In 2013, Duckhorn’s winemaker, Bill Nancarrow, who had taken over for Mark Beringer several years earlier, left Duckhorn. Renée, still in her 30’s, (born the same year Duckhorn was established), became Duckhorn’s fourth head winemaker. As fortune, serendipity or timing would have it, the following year, 2014, would turn out to be a pivotal year for Renée, and the world of wine….it would be “the year” where the stars aligned, and “the puzzle” really came together.
It was on a November morning, in 2017, that I first “met” Renée. I had been in Napa the week before, but we had been unable to connect, so we set up a 10:00 am phone call for a week later. How fortunate for me that we were not able to connect a week earlier, because I was about to share in an incredible experience.
I got up that morning, had my coffee and read the news, and then waited in anticipation for Renée’s call…. because I knew that this would not be just “another” day in the life of Renée Ary, or Duckhorn Vineyards.
At promptly 10:00 am the phone rang, I answered, and Renée said: “Hi Don, this is Renée, how are you?” I remember replying: “Wrong question: How are YOU?” She burst out laughing, and I could hear the passion and excitement as she gushed: “It’s been such a cool morning-it’s just been surreal. No Merlot has scored this high since 1997. It’s too good to be true…. I just need to pinch myself.”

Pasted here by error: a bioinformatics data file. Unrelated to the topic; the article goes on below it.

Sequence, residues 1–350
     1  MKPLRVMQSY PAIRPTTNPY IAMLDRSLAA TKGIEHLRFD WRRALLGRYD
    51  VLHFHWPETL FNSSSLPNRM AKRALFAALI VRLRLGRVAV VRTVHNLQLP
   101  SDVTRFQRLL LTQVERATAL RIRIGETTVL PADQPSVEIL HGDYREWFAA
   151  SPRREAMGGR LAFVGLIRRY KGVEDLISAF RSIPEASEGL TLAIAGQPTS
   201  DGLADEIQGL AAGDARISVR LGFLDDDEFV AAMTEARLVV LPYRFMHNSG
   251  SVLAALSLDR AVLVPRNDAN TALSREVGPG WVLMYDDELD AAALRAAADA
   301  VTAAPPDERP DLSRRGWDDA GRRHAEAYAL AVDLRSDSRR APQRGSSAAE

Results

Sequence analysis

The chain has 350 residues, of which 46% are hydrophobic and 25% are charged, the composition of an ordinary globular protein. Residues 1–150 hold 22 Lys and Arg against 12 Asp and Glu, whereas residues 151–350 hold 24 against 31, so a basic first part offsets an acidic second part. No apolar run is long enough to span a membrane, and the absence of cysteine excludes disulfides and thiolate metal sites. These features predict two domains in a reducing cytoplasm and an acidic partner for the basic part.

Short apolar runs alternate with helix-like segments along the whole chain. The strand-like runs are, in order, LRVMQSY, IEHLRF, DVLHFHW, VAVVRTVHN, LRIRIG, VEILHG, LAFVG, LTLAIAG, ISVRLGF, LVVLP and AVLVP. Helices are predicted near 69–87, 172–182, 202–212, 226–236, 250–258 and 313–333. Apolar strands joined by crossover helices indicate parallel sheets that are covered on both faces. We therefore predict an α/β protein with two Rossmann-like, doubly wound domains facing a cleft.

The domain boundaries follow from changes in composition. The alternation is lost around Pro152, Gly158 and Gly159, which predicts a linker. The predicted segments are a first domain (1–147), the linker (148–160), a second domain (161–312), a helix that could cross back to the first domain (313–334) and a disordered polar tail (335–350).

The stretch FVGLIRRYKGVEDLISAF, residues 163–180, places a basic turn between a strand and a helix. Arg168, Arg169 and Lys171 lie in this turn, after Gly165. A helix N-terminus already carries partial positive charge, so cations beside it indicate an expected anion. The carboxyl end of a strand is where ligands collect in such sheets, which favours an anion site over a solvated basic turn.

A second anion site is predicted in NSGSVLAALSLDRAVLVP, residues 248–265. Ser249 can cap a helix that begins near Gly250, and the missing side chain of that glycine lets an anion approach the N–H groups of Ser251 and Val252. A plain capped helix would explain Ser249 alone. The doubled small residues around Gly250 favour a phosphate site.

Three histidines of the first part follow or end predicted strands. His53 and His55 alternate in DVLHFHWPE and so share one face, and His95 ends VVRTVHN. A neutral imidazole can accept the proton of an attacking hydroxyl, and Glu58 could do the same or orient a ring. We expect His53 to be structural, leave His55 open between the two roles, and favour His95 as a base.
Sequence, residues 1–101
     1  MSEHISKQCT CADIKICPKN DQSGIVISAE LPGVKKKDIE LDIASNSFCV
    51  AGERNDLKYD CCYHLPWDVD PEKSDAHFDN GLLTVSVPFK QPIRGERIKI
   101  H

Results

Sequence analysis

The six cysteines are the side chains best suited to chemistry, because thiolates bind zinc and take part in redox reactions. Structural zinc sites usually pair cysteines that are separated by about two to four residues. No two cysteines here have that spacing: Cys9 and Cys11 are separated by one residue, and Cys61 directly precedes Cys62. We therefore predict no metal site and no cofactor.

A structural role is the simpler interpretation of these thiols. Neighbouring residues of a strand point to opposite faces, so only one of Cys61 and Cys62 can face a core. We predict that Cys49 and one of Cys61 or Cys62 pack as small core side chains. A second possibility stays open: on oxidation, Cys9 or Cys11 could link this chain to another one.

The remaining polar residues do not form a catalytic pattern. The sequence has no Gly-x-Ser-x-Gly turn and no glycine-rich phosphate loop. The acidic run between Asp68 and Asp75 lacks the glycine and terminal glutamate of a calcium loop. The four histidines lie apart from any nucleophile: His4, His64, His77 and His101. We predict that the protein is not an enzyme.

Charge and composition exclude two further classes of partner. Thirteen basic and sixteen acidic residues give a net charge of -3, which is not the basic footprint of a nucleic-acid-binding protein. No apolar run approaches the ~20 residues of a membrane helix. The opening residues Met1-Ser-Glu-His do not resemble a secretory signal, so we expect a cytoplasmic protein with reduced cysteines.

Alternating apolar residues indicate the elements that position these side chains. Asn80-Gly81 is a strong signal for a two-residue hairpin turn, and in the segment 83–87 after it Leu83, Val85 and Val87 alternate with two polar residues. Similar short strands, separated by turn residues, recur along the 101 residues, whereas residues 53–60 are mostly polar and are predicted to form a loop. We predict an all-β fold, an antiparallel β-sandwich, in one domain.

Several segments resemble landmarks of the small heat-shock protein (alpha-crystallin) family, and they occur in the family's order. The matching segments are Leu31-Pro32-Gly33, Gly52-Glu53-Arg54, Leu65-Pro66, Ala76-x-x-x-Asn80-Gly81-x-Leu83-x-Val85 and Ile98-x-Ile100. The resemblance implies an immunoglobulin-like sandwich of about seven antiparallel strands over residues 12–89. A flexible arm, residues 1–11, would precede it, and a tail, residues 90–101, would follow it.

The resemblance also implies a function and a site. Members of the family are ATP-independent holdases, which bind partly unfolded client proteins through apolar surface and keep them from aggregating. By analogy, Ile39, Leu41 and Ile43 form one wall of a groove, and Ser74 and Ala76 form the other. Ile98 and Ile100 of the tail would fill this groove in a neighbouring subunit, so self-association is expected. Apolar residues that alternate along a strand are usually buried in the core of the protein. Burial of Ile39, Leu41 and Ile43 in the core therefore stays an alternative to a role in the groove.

The news I read at 8:00 am that morning was the announcement by Wine Spectator Magazine, that Duckhorn’s 2014 Three Palms Merlot, (scoring 95), had just been named #1 Wine of the Year in their annual “Top 100” wines of the world!
2014, as it turns out, was not only Renée’s first year as Duckhorn’s head winemaker, but it was also the 10th anniversary of the year the film Sideways was released. This 2004 film upended the wine world. Within a short period of time, Merlot sales and popularity became depressed, and Pinot Noir became the new sought-after wine of choice.
And now, Renée Ary, with her first vintage, had proclaimed to the wine world: “Move over Pinot Noir…. Merlot is BACK!”.
A few years later I was visiting Duckhorn. As we sipped and chatted on the wrap-around porch on a perfect Fall afternoon, I asked Renée if earning that #1 rating, especially during her first year as head winemaker, put any additional pressure on her. She replied that it was more like she put additional pressure on herself…. because now there was a defined goal to keep striving for and meet again, and the challenge to always excel and do better.